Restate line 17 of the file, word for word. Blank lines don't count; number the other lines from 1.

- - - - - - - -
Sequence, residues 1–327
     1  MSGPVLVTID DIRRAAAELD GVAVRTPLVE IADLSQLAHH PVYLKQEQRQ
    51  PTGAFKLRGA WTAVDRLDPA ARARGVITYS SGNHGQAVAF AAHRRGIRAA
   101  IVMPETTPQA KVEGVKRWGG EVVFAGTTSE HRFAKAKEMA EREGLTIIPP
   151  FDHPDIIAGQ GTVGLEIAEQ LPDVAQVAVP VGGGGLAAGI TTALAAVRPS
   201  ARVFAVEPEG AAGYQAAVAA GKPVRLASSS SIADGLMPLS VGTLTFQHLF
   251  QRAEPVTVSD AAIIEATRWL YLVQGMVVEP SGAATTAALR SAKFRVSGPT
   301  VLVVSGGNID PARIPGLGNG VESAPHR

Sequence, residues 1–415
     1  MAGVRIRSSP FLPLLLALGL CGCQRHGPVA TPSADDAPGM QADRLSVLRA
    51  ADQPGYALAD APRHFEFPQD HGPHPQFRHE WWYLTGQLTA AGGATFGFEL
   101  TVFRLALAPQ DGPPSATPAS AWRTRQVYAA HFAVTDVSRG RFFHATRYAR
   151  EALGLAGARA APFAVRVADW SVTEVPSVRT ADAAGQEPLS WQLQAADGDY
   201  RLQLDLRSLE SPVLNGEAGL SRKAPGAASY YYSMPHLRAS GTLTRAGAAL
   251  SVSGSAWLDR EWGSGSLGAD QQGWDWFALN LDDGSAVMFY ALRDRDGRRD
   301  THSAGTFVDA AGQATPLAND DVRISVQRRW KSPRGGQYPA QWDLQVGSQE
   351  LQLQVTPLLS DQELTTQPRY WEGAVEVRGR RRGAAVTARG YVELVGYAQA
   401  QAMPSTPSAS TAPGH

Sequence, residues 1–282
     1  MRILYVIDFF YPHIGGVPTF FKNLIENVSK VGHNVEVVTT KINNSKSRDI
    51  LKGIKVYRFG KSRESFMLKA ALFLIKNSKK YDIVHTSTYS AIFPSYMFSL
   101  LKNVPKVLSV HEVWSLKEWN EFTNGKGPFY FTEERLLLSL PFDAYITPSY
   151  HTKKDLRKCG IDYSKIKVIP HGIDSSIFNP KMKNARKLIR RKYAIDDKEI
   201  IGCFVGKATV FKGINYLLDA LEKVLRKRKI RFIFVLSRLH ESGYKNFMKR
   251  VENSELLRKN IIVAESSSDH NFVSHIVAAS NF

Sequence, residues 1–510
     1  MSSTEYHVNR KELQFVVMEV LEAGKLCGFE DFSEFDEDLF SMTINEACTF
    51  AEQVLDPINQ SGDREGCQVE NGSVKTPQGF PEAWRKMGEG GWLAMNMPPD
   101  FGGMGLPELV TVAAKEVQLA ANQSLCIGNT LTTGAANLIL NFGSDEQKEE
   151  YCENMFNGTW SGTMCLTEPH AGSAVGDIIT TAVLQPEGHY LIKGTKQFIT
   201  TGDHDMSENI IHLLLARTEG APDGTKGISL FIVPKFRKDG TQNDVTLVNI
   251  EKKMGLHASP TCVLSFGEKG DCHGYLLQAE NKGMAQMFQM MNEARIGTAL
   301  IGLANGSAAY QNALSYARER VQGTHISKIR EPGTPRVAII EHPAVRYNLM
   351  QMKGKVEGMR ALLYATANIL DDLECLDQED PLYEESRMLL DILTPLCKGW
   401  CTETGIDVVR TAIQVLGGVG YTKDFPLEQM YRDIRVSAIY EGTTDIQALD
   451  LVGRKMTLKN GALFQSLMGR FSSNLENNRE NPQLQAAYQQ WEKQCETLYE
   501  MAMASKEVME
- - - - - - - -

   351  LQLQVTPLLS DQELTTQPRY WEGAVEVRGR RRGAAVTARG YVELVGYAQA